After 14 years in operation, LMC Industries (LMC) is building on a record of trusted industrial construction, fabrication and maintenance in New Brunswick and with client support, the company now has the bench strength and experience to extend beyond eastern Canada. “We are a leading industrial construction and fabrication company located in Saint John, N.B., since the early 1980s,” shares Styve Dumouchel, CEO of LMC. “LMC is a mid-sized company that competes with multimillion dollar competitors and we pride ourselves on our commitment to safety, leadership, quality and trust.”
In 1977, Dumouchel’s father and uncle established LMC’s parent company, Lorneville Mechanical Contractors, which established a strong clientele in maintenance service in New Brunswick. “I’ve been in the industry since 1989, where I started as a project manager,” recounts Dumouchel. “After working for another company for several years I came back to join the family business.”
Divide and conquer
But it wasn’t until 2010 that the family-owned operation entered acquisition mode with Dumouchel at the helm. “Originally, we served strictly New Brunswick to Nova Scotia in the industrial sector, offering energy-type maintenance for pulp mills and power generations, recovery boilers and the like,” explains Dumouchel.
In 2011, Master Mechanical, a Saint John-based industrial piping company founded in the early 1990s, joined the Lorneville Mechanical Contractors, followed by XL Air, an Ottawa-headquartered plumbing contractor. “Master Mechanical and XL Air joined Lorneville Mechanical Contractors, the original parent company and I formed LMC to house all three companies,” explains Dumouchel.
“Over the years, we’ve steadily evolved into a full-service industrial contractor covering various industries from oil and gas to mining, power plants and hydroelectric,” continues Dumouchel. As LMC has grown in size and scope, so has the company’s footprint.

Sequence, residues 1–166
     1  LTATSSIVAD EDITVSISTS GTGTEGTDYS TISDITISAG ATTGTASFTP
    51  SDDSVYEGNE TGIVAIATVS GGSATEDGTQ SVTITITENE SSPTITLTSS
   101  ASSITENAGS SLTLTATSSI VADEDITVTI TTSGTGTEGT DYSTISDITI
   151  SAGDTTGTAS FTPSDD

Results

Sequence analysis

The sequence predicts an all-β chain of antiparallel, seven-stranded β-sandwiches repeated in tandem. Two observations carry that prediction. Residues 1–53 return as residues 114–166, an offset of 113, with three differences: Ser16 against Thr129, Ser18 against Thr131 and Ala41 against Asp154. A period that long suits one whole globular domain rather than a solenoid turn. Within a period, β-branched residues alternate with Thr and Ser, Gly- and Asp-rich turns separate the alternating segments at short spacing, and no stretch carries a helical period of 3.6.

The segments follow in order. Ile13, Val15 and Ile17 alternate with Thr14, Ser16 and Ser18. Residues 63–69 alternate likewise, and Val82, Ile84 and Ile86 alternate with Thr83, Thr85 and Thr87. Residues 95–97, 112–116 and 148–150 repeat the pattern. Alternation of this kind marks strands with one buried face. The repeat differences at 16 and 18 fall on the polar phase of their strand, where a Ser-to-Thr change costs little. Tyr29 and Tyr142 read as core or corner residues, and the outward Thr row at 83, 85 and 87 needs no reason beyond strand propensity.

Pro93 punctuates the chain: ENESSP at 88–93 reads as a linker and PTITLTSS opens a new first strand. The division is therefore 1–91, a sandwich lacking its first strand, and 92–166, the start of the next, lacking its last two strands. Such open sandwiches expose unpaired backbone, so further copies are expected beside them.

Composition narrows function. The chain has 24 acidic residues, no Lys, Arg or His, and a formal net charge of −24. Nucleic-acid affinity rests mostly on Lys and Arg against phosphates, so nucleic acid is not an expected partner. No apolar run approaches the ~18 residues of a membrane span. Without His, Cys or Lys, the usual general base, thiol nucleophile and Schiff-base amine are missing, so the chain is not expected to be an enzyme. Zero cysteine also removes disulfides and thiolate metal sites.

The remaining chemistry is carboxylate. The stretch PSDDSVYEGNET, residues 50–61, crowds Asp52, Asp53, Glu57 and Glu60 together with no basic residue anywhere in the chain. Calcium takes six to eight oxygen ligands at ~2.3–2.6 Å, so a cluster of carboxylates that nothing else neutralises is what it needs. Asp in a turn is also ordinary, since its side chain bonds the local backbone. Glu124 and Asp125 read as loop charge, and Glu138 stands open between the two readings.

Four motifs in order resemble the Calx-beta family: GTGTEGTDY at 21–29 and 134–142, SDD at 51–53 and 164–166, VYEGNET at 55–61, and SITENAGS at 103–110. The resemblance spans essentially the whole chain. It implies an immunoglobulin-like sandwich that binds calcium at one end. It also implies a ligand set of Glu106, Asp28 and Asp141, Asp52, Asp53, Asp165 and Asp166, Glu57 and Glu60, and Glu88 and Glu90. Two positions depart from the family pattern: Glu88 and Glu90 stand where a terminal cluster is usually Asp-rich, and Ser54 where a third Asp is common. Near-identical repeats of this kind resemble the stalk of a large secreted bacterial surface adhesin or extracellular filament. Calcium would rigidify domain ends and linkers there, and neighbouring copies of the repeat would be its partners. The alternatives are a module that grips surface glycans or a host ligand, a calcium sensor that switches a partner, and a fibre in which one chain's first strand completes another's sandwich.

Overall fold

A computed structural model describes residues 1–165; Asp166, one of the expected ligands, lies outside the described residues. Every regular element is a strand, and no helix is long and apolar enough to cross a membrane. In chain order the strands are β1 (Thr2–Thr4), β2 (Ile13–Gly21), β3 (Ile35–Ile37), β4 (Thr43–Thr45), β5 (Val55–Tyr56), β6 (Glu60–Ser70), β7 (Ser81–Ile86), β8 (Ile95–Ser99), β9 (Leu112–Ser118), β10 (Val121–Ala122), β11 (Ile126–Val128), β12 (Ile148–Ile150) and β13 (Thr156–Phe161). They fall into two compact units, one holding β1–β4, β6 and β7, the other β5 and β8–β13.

“We’re still based in Saint John but we also have an office in Ottawa, Newfoundland and a small, regional office in Quebec,” notes Dumouchel. “Today, we’re running at about 500 employees strong but they’re not all full time. We fire tradesmen on a project-by-project basis.”
“Being New Brunswick-based, we have a strong understanding of the regional workforce, whereas large competitors coming from the outside struggle with finding the right people,” adds Dumouchel.
Since merging all three companies as LMC, Dumouchel says the company has landed projects with big-name players and many large, multinational companies. “We’re working with Vale in Newfoundland, Northern Pulp and Paper in Nova Scotia and the J.D. Irving Group as well as the Irving Oil Refinery and PCS in Sussex,” he notes. “On the commercial side, LMC serves large-scale general contractors such as PCS, Bird Construction, Pomeroy and Ellis-Don.”
LMC works on projects and field construction across a number of major industries, including petrochemical, power generation, pulp and paper, hydro facilities, utilities and maintenance, which has always been the company’s bread and butter. LMC has also extended its scope of specialty services to encompass turbines, heat exchangers, boilers, evaporators, air heaters, rotating equipment, electrostatic precipitators and rigging.
“We’re also highly experienced fabricators,” details Dumouchel. The company’s Saint John facility offers 20,000 square feet of indoor fabrication space with a total installed lifting capacity of 50 tonnes.